Milton A. Galamison (1923-1988)

Milton Galamison (left) with Picketers in New York, Feb. 3, 1964
Image ©Bettmann/Corbis

Milton Arthur Galamison, minister and civil rights activist, was the leader of New York City’s school integration movement in the 1960s.  Born and raised in Philadelphia, where he experienced poverty and hostile racial relations that influenced his later activism, Galamison received a B.A. with honors at Lincoln University in Pennsylvania in 1945. He began his activism in Brooklyn, where he was appointed minister to the Siloam Presbyterian Church in 1948. As a prestigious institution long associated with activist ministers, the church offered Galamison a platform for his future involvement in improving education for minority children in public schools.

In 1955, Galamison was elected chair of the education committee of the Brooklyn branch of the National Association for the Advancement of Colored People (NAACP). Under his  leadership, the branch became a noted advocate for working class black and Puerto Rican parents who fought for quality education for their children.

Unsatisfied with NAACP president Roy Wilkins’ support for gradual desegregation of public schools, Galamison formed the NAACP Parents’ Workshop for Equality in the early 1960s, an organization that promoted an aggressive strategy to desegregate schools immediately. Galamison’s leadership in this umbrella category reflected larger tensions within the Civil Rights movement, where community leaders and grassroots organizers were often in conflict with national NAACP officials who promoted gradual approaches to integration and equal rights.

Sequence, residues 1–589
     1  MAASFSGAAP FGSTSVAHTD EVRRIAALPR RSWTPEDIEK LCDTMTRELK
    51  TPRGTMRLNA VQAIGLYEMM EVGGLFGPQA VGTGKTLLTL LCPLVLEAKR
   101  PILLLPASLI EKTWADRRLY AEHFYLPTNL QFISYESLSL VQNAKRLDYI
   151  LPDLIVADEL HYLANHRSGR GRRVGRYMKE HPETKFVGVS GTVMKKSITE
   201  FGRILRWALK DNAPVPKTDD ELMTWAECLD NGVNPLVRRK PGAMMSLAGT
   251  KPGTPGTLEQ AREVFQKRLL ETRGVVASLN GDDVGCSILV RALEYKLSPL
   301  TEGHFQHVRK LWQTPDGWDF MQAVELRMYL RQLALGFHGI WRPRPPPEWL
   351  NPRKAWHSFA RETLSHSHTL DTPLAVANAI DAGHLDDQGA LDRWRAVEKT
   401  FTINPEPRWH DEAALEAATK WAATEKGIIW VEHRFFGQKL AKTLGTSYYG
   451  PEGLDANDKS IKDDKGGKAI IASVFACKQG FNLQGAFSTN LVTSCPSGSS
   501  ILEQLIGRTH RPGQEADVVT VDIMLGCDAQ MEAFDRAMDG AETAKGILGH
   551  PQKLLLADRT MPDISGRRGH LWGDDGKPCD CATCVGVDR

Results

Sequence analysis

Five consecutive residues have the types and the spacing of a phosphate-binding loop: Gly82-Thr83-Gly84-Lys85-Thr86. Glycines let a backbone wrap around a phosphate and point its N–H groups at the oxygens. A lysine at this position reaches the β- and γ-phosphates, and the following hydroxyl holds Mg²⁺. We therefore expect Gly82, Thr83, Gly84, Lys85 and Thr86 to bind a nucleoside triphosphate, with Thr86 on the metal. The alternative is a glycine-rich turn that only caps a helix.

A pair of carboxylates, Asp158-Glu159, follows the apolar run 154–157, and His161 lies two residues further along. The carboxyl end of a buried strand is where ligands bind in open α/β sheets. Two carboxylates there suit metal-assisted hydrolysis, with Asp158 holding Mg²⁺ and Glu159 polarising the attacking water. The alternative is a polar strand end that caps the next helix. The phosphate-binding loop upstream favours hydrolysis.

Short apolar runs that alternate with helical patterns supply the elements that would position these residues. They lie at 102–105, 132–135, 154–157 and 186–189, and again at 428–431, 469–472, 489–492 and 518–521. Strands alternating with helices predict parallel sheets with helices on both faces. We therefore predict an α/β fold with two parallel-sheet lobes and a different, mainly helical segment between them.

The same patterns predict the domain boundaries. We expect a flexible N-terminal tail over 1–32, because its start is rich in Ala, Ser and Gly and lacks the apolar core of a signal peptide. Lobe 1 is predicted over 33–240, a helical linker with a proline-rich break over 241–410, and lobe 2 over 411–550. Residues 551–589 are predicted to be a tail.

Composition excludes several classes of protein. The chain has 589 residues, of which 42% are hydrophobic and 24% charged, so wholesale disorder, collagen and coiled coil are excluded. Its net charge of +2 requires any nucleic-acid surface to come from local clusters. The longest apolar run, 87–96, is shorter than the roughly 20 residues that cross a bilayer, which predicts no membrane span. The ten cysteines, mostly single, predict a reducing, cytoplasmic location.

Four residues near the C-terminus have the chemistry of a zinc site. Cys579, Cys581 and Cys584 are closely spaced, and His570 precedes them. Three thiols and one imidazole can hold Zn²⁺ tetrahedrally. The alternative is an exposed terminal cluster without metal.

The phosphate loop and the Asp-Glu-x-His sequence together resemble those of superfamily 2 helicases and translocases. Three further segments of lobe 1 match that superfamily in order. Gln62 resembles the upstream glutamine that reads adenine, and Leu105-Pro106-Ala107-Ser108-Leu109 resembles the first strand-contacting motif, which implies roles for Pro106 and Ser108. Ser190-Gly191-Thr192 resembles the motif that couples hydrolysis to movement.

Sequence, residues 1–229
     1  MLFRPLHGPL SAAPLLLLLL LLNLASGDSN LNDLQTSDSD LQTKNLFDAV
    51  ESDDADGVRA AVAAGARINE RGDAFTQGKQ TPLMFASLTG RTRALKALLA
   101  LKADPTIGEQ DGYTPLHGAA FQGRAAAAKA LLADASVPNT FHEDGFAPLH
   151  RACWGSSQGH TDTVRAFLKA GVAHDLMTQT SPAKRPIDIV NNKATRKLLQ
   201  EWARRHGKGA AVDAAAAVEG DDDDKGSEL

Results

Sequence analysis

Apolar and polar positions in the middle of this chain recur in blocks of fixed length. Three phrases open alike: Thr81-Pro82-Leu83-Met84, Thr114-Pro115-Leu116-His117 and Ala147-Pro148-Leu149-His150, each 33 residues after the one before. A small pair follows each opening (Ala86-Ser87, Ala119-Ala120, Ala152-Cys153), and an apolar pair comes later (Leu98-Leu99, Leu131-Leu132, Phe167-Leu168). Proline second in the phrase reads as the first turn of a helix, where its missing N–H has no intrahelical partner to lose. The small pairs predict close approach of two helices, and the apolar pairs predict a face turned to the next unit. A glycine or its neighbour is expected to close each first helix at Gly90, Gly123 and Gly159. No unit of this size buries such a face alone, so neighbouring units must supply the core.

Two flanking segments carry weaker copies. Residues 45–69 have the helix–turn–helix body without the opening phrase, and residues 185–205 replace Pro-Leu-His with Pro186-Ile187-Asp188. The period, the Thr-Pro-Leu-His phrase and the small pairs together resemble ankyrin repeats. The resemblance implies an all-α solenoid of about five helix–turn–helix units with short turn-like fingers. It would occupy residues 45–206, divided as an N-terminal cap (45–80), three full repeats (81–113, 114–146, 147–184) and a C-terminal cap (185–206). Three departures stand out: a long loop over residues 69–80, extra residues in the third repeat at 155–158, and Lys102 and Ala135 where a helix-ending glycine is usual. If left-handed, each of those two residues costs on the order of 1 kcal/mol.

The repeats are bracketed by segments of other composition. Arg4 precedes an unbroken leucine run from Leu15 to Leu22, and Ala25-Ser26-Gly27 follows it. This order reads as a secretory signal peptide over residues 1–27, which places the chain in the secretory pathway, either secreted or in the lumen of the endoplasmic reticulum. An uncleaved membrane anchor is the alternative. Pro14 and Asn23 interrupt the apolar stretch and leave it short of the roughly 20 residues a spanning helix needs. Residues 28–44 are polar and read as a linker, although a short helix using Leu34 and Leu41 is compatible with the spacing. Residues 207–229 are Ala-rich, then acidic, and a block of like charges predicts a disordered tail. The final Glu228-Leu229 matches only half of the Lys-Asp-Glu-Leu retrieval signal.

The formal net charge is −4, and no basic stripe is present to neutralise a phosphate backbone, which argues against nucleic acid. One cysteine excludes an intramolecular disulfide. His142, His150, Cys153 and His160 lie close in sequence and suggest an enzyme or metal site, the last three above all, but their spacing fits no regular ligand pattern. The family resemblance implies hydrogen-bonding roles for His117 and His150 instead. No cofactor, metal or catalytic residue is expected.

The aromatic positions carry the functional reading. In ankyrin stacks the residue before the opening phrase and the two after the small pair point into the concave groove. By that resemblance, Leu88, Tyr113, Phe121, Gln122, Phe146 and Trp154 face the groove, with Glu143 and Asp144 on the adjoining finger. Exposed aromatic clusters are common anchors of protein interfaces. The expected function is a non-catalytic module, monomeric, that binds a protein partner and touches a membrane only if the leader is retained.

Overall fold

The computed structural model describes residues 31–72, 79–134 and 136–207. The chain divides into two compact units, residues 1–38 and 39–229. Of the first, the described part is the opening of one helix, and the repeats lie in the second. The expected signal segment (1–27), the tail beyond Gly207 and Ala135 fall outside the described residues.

Galamison was instrumental in raising general awareness about the problem of minority education. On February 3, 1964, he led a successful student boycott of New York City schools which involved over 460,000 students.  Boycotters called for the New York City school board to implement a city-wide desegregation plan.  Despite its initial success, Galamison eventually lost the support of more conservative leaders and the boycott died due to fragmentation of its support.  A second boycott occurred on March 16, 1964, but failed because it lacked popular support.

By 1968, Galamison had became a member of the New York City Board of Education.  He now backed away from desegregation and worked to empower the black community in its efforts to control the schools in its neighborhoods. Galamison’s support of community control gave power over school staffing and curriculum to local community groups.  This decentralization program alienated teacher unions, often pitting militant black and Puerto Rican activists against the mostly Jewish teachers and school administrators.  After he failed in his 1969 re-election bid to the School Board, Galamison retired from educational politics.   He retained his position as a pastor at Siloam until his death in 1988.